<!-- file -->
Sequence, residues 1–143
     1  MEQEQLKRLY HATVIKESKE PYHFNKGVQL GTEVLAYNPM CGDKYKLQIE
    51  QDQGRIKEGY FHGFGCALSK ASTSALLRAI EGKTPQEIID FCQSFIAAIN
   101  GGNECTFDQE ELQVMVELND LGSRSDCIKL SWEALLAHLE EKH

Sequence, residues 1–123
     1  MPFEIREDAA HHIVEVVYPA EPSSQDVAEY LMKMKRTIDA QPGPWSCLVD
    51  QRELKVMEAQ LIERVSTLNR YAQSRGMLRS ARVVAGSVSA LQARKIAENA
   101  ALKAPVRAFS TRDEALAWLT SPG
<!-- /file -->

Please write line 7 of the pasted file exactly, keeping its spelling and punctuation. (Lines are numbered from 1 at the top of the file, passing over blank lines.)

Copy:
    51  QRELKVMEAQ LIERVSTLNR YAQSRGMLRS ARVVAGSVSA LQARKIAENA